Long Island Agriculture Complicates Immigration Narrative

Agricultural production in Long Island, New York is complicating longstanding narratives of illegal immigration, some reports say, leading many farmers and agricultural advocates to question the usefulness of tough immigration laws.

Over the past few years, several states have passed tough new immigration laws designed to curb the employment of illegal immigrants and undocumented workers. States like Arizona, Georgia, and Alabama recently passed legislation that would require all employers to verify the immigration status of their workers and would empower law enforcement to ascertain the immigration status of individuals they detain.

These laws, farmers say, have had a disastrous impact on local agricultural. Georgia and Alabama have suffered millions of dollars in lost farm revenue due to critical labor shortages. Efforts to employ convicts, parolees, and ordinary citizens have proved largely fruitless, with many farmers still worried about labor shortages during the upcoming spring harvest.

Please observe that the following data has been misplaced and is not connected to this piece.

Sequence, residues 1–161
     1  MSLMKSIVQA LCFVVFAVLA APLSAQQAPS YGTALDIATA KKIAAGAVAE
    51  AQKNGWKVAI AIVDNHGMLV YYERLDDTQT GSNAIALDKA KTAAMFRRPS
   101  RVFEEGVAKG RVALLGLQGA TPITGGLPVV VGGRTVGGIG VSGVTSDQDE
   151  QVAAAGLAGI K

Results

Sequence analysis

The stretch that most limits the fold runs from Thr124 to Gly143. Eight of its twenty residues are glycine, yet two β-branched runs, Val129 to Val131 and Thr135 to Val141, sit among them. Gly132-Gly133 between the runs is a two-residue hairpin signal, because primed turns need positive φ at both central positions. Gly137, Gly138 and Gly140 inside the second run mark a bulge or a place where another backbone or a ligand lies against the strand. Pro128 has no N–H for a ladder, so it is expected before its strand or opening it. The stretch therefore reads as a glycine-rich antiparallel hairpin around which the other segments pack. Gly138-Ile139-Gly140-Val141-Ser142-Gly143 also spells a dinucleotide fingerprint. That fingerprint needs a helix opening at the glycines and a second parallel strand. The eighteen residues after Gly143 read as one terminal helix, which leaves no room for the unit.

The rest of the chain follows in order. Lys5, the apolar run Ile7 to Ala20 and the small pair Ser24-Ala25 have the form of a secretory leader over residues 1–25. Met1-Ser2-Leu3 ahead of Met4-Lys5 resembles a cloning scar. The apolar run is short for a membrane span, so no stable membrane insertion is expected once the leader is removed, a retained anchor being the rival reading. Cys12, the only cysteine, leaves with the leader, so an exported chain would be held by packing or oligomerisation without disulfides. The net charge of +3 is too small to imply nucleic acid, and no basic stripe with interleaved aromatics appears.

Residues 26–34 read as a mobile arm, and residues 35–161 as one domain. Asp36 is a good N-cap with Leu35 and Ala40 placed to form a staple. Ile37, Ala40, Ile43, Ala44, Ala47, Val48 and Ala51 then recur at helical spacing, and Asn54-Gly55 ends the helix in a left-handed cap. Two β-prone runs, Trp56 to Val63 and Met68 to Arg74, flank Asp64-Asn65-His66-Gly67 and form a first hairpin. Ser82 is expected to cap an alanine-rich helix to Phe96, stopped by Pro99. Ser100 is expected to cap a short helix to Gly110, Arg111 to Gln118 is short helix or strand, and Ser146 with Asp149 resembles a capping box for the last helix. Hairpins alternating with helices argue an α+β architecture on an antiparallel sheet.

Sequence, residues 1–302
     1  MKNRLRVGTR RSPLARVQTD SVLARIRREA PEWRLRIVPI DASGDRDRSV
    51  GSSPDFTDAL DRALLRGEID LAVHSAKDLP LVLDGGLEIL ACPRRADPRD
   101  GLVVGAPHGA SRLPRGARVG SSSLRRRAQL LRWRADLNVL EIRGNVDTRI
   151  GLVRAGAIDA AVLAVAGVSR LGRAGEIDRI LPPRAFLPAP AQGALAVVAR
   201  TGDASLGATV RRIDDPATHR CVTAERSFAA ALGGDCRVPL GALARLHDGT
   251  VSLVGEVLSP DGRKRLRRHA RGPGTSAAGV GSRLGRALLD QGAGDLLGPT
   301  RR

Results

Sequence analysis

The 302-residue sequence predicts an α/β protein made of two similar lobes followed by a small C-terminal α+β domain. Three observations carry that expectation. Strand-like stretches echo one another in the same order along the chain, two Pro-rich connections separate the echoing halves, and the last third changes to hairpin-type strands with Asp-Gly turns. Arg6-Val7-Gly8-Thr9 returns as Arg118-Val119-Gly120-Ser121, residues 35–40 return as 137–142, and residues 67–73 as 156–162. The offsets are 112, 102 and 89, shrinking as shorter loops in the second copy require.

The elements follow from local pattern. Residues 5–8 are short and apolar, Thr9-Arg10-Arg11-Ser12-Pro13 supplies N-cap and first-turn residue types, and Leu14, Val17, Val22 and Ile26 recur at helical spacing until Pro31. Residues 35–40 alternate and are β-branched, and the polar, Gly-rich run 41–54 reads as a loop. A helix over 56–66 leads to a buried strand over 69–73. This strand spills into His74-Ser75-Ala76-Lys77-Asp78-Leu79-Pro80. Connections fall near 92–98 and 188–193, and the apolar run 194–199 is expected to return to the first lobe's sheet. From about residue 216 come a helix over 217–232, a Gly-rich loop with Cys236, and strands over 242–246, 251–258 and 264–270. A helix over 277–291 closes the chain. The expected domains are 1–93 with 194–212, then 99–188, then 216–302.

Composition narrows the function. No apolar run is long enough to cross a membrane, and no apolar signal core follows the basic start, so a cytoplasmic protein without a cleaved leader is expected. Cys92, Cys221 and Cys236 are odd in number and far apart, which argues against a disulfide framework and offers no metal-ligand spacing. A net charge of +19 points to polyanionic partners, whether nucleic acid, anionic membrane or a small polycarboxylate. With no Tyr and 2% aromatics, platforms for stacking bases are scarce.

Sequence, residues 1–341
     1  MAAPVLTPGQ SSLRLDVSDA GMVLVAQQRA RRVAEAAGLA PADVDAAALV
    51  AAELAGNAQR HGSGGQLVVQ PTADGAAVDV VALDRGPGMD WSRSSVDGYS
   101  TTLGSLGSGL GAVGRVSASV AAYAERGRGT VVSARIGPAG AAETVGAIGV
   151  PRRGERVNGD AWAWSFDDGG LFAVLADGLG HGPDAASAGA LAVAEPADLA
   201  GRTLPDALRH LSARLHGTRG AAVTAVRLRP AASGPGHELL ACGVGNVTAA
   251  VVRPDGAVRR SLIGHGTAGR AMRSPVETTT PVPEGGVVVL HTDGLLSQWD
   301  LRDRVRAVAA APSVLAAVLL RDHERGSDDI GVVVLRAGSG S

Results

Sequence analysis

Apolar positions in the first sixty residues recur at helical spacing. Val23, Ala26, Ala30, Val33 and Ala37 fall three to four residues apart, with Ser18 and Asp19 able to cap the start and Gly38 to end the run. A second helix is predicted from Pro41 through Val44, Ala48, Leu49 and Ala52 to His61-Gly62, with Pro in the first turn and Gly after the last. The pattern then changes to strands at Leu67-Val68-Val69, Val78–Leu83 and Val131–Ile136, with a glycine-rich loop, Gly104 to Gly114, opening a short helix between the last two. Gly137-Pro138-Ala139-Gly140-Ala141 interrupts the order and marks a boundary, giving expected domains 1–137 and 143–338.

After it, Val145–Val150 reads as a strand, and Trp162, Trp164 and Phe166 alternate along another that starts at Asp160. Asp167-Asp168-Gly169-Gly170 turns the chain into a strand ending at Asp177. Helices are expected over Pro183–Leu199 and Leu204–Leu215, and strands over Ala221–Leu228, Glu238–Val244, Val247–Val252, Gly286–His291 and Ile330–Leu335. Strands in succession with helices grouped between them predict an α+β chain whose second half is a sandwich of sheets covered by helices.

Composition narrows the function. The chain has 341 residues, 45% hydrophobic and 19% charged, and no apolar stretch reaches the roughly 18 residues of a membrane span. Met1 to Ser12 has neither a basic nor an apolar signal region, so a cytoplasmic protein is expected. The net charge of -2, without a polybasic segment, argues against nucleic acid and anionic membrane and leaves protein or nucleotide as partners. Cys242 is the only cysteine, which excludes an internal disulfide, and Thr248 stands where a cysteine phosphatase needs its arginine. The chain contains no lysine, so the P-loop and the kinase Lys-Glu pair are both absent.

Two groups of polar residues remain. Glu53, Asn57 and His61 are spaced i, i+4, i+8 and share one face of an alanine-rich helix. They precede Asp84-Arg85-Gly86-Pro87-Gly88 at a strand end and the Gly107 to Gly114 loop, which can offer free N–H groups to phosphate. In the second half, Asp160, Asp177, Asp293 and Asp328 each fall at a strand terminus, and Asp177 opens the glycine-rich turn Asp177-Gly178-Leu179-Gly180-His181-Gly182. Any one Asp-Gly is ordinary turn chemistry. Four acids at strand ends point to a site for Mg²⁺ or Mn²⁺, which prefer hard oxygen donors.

Far removed from the South and Southwest, the situation in Long Island, along with the realities in Georgia and Alabama, has complicated a longstanding narrative of illegal immigrants stealing jobs from American citizens.

According to the head of the Long Island Farm Bureau, illegal immigrants make up about 60 percent of the Long Island farm labor population. Contrary to popular belief, these workers are not employed because they can be paid well below minimum wage. The standard rate for farm workers, according to the Long Island Farm Bureau, is $10 an hour.

A major cause of the high wages is fierce competition for limited labor. A solution that would benefit both agricultural producers and undocumented workers would be an overhaul of work visa policy, something that the national Farm Bureau has been pushing for months.

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Written by: Justin Ellison / Farm Plus Staff Writer